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http://dx.doi.org/10.3390/toxins10030125DOI Listing
http://www.ncbi.nlm.nih.gov/pmc/articles/PMC5869413PMC
March 2018

Targeting of X-linked inhibitor of apoptosis protein and PI3-kinase/AKT signaling by embelin suppresses growth of leukemic cells.

PLoS One 2017 13;12(7):e0180895. Epub 2017 Jul 13.

Translational Research Institute, Academic Health System, Hamad Medical Corporation, Doha, State of Qatar.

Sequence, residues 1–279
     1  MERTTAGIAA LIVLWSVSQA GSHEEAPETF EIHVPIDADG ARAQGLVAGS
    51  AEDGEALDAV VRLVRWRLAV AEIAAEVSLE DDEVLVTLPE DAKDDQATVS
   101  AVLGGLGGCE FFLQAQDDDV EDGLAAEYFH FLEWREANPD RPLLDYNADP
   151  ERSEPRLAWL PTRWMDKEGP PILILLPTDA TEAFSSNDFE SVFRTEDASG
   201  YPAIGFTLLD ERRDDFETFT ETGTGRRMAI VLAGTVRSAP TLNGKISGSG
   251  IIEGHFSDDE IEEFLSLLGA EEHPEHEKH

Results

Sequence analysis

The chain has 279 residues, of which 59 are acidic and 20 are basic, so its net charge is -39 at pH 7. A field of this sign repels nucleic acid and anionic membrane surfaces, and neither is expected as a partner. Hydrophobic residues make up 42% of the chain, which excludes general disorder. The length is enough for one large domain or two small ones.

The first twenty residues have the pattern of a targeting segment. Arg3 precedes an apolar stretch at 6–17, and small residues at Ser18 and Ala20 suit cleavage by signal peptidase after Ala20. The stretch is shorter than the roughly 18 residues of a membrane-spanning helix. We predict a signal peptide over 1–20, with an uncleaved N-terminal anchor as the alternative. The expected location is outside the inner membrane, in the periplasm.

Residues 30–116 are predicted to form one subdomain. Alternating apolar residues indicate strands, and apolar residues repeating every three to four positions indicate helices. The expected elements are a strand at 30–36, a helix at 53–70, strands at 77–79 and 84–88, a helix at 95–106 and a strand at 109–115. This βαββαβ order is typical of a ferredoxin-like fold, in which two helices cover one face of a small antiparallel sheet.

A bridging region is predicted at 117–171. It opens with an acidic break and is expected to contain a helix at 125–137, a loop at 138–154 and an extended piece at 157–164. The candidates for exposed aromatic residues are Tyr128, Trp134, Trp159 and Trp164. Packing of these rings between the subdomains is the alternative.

The X-linked inhibitor of apoptosis (XIAP) is a viable molecular target for anticancer drugs that overcome apoptosis-resistance of malignant cells. XIAP is an inhibitor of apoptosis, mediating through its association with BIR3 domain of caspase 9. Embelin, a quinone derivative isolated from the Embelia ribes plant, has been shown to exhibit chemopreventive, anti-inflammatory, and apoptotic activities via inhibiting XIAP activity. In this study, we found that embelin causes a dose-dependent suppression of proliferation in leukemic cell lines K562 and U937. Embelin mediated inhibition of proliferation correlates with induction of apoptosis. Furthermore, embelin treatment causes loss of mitochondrial membrane potential and release of cytochrome c, resulting in subsequent activation of caspase-3 followed by polyadenosin-5'-diphosphate-ribose polymerase (PARP) cleavage. In addition, embelin treatment of leukemic cells results in a decrease of constitutive phosphorylations/activation level of AKT and downregulation of XIAP. Gene silencing of XIAP and AKT expression showed a link between XIAP expression and activated AKT in leukemic cells. Interestingly, targeting of XIAP and PI3-kinase/AKT signaling augmented inhibition of proliferation and induction of apoptosis in leukemic cells. Altogether these findings raise the possibility that embelin alone or in combination with inhibitors of PI3-kinase/AKT pathway may have therapeutic usage in leukemia and possibly other malignancies with up-regulated XIAP pathway.